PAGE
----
of any opioid prescription. Visits with diagnoses of both noncancer and cancer pain were coded exclusively as visits with cancer pain. The National
Ambulatory Medical Care Survey patient record form allows the provider to enter only ≤3 diagnosis codes (except for survey years 2014 and 2015,
which allowed for ≤5 codes). Beginning in 2012, the survey no longer sampled community health centers; we thus excluded data from these centers
from our analysis in all years to obtain a sample of practices that was defined consistently across years. These centers accounted for only 2% of visits
before 2012.
† Evaluates the subsample of visit records in which ≤2 of 3 diagnoses were recorded; that is, the subsample of visits in which the provider was not
constrained by the form and would have had enough space to record any additional diagnoses addressed.

This article was published at Annals.org on 11 September 2018.

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LETTERS

Table 2. Ten Most Common Diagnoses Assigned for Office Visits With an Opioid Prescription, by Presence or Absence of Pain
Diagnosis*

ICD-9 Diagnosis Code Definition Diagnoses, %


Visits with a pain diagnosis (except for cancer)
724.2 Lumbago 6.9
250.00 Type 2 or unspecified-type diabetes mellitus without 5.2
mention of complication and not defined as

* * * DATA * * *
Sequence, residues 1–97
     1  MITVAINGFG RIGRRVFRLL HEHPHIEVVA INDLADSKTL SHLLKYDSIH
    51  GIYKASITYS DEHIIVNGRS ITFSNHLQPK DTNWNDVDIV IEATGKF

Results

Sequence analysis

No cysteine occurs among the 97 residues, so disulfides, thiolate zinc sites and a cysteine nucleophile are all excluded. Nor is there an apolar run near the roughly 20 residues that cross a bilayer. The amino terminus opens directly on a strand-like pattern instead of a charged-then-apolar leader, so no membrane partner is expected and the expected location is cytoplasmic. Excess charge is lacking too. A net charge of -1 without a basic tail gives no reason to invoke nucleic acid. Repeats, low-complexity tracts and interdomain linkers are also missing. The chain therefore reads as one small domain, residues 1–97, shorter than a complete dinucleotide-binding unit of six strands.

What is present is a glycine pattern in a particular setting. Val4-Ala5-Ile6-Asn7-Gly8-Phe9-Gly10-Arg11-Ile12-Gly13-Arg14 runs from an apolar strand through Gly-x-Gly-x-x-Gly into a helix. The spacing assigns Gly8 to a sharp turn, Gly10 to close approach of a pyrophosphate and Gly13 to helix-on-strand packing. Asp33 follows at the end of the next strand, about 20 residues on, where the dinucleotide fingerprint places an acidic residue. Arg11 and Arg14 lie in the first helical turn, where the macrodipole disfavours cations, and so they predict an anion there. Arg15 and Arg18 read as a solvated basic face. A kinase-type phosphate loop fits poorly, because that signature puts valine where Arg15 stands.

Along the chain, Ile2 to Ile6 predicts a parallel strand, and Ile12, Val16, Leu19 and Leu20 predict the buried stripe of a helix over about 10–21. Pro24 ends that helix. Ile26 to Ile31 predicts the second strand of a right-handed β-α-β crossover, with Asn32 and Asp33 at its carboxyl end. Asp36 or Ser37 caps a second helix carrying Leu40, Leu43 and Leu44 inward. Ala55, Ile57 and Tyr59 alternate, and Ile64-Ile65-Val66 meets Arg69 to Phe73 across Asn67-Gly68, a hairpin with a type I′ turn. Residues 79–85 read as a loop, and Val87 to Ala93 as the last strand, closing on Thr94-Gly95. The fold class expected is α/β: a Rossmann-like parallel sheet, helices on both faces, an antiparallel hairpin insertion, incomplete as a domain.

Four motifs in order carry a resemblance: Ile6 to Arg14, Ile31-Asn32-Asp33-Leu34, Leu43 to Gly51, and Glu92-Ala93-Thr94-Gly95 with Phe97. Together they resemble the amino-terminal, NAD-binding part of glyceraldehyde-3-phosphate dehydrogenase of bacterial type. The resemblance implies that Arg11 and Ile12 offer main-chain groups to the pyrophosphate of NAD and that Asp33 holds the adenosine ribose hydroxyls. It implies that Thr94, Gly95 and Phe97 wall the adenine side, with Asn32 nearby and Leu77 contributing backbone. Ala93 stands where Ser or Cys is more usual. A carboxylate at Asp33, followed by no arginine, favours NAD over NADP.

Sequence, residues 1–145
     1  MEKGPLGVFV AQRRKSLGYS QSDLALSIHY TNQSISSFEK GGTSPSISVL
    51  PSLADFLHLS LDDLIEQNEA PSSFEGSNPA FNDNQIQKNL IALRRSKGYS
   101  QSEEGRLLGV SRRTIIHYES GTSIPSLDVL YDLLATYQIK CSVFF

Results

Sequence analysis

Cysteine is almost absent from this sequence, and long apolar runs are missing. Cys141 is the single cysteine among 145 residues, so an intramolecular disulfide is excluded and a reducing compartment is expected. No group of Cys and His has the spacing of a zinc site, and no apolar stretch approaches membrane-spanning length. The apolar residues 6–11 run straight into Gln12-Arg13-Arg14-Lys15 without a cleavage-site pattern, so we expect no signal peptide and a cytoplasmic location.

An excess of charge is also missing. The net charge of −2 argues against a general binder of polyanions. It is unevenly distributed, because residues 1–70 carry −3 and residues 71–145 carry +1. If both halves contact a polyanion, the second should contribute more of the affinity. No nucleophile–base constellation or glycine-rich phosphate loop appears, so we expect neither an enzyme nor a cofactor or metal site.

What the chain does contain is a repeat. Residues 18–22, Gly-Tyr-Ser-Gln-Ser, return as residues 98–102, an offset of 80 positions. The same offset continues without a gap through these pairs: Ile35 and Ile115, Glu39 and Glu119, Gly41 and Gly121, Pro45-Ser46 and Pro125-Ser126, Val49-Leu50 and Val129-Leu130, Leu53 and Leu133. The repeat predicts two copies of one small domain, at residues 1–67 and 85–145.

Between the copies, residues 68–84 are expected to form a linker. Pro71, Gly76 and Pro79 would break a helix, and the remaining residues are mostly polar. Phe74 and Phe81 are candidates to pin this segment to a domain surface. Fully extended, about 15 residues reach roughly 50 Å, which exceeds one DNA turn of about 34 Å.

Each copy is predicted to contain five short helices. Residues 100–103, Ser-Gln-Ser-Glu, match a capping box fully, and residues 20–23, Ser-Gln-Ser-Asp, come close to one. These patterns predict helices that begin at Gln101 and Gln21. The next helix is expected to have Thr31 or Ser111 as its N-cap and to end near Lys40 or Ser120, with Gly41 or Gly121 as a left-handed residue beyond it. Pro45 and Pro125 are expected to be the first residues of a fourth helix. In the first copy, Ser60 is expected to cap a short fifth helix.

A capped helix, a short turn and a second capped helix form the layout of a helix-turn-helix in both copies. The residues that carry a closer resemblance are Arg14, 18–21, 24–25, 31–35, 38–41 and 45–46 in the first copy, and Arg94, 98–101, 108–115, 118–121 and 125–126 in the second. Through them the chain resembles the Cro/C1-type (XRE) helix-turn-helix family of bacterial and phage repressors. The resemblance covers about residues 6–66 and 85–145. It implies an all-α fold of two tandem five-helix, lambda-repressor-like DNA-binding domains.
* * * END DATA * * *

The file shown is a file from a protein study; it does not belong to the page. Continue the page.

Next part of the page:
uncontrolled
338.29 Other chronic pain 4.0
724.5 Unspecified backache 3.7
715.90 Site-unspecified osteoarthrosis unspecified as generalized 2.4
or localized
729.1 Unspecified myalgia and myositis 2.4
723.1 Cervicalgia 2.3
724.4 Unspecified thoracic or lumbosacral neuritis or radiculitis 2.1
729.5 Limb pain 1.9
722.52 Lumbar or lumbosacral intervertebral disc degeneration 1.8
Total – 32.7

Visits without a pain diagnosis


401.9 Unspecified essential hypertension 6.0
272.4 Other and unspecified hyperlipidemia 2.7
304.00 Unspecified opioid-type dependence 2.2
V67.59 Other follow-up examination 1.9
414.00 Unspecified native- or graft-vessel coronary atherosclerosis 1.9
530.81 Esophageal reflux 1.6
311 Depressive disorder not elsewhere classified 1.5
496 Chronic airway obstruction not elsewhere classified 1.5
427.31 Atrial fibrillation 1.4
V58.89 Other specified aftercare 1.3
Total – 22.0
ICD-9 = International Classification of Diseases, Ninth Revision.